This isn’t a hard point to make. A great deal of emphasis in coming years will be placed on de-carbonization. A full court shift to electrification is viewed by many as a primary means to achieve desired and commendable levels of carbon reduction. What is not being presented or discussed thoroughly, though, is how costly this will be. Nor will the shift to greater usage of renewable electric power be the only factor pushing up day-to-day living and business expenses. There are a host of others including investments in cyber security; commitments to employee compliance courses; deeper workplace cleaning efforts; and accelerating adoption of high tech.
Rising inflation, reflected by consumer prices that are climbing quickly, and brought on by material shortages, supply chain interruptions (particularly at West Coast ports), commodity price advances and wage hikes, is one thing. Set aside the inflation issue for a second. There’s a whole separate topic to be covered concerning other measures that are about to make the post-pandemic world an expensive place in which to live and do business. I’ll have more to say on this subject when ConstructConnect hosts its Fall 2021 Economic Webcast: Where to in 2022? Three Chief Economists Light the Way.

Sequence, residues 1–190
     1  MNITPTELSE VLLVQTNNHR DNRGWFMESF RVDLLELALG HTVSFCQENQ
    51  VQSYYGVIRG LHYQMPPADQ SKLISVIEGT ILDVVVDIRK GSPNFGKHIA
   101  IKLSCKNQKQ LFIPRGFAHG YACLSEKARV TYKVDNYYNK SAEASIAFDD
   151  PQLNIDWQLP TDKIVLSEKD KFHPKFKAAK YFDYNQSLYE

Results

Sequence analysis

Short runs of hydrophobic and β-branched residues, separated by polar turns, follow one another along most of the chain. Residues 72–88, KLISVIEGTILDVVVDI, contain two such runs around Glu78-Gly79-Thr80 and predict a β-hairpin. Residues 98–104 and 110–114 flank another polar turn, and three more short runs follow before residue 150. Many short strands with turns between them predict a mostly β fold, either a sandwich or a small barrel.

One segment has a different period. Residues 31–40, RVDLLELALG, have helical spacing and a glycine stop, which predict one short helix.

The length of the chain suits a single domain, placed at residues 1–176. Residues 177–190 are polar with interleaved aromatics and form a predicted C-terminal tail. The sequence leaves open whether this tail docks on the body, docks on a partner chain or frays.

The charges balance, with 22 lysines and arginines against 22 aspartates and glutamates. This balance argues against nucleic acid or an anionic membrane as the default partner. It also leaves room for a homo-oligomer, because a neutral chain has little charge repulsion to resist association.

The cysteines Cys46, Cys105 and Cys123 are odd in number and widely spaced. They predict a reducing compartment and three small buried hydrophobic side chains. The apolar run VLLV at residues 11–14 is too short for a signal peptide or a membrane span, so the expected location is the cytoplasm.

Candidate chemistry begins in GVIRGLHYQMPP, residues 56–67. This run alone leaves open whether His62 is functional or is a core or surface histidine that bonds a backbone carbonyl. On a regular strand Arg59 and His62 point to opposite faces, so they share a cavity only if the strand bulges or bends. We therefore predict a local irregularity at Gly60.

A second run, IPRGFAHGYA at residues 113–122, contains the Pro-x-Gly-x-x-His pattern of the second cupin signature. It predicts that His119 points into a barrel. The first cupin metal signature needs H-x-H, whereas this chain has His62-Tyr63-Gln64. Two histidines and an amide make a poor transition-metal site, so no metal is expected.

The following are some of the NUGGETS to be mined from public and private sector data releases, and other news reports, over the last month. The goal, as always, it to find some key narrative threads through making connections that may not always be obvious.
(1) A significant return to economic normalcy has been delivered by the latest U.S. weekly initial jobless claims number. For the week ending October 9, the figure was 293,000, down by -36,000 from the prior period’s level of 329,000. This marks the first time initial jobless claims have been less than 300,000 since just before the arrival of the coronavirus. For March 14, 2020, the number was 256,000. After another week, and with social-distancing and lockdowns prevalent, it was 2.923 million. Another couple of weeks along, it peaked at 6.149 million for April 4, 2020.